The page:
the donation process

First thing’s first – to become a sperm donor, you need to register your interest by filling out an initial form. Once you’ve submitted your questionnaire to us, you’ll hear back from a member of our team within a few days to set up an appointment and begin your screening.

Want to know more? Find our about applying here.

while you’re donating

Once you’ve been screened and everything has been checked, you’ll be given an appointment.

Some donors choose a regular slot on the same day and time each week, whereas others need more flexibility. We’ll work with you to accommodate any work commitments or requirements. If possible, donors need to visit once a week and we collect anything between 20-30 samples.

When you arrive in the unit, you’ll be given a labelled sample container and shown to one of our private production rooms. 

Once the sample has been produced and handed back to the lab staff, you’ll sign your expenses sheet before leaving.

after you’ve donated

You’ll be screened every 6 months whilst donating.

On the day of your last donation, you’ll go for final blood and urine tests. 

We hold your samples in quarantine for 6 months before performing one final blood test. 

Now for the best bit – helping to create a family. Once all the results are clear, we start matching you to recipients wanting treatment. (It can take many years for all of the samples to be used up!)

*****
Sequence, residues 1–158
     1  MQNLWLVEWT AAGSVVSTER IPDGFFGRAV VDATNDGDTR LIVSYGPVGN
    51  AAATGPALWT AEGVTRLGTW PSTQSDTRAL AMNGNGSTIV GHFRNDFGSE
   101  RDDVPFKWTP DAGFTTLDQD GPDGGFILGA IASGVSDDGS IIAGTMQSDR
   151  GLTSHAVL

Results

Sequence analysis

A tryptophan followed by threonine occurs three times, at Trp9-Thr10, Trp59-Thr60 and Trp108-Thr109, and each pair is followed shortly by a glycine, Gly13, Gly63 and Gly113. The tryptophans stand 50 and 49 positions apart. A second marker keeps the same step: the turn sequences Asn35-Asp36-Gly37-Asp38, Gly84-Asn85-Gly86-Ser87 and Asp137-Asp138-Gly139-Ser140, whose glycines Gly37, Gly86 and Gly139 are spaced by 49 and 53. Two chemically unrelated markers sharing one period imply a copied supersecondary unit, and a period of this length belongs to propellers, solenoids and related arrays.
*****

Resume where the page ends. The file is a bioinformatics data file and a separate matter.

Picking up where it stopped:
Some families opt to reserve additional samples, so that they can extend their family using the same donation.

can you find out what happens with your donations?

Something to bear in mind is what happens once your donation has been used. You’re free to ask about the outcome of your donations. You’re permitted to know the number of babies born, the year they were born and the sex of the children. Other than this, no other details can be disclosed to you.

Once a person born through sperm donation turn 18 years old, they’re entitled to know more about their donor. The HFEA will mediate this situation, and attempts will be made to contact you before any information about your identity is released to a donor conceived person. You’re under no obligation to meet or have contact, but by law we can’t prevent access to identifying information being released.

If you’re uncomfortable with this, you will need to think very carefully about the decision to donate. We provide expert independent counsellors to help you come to the right decision.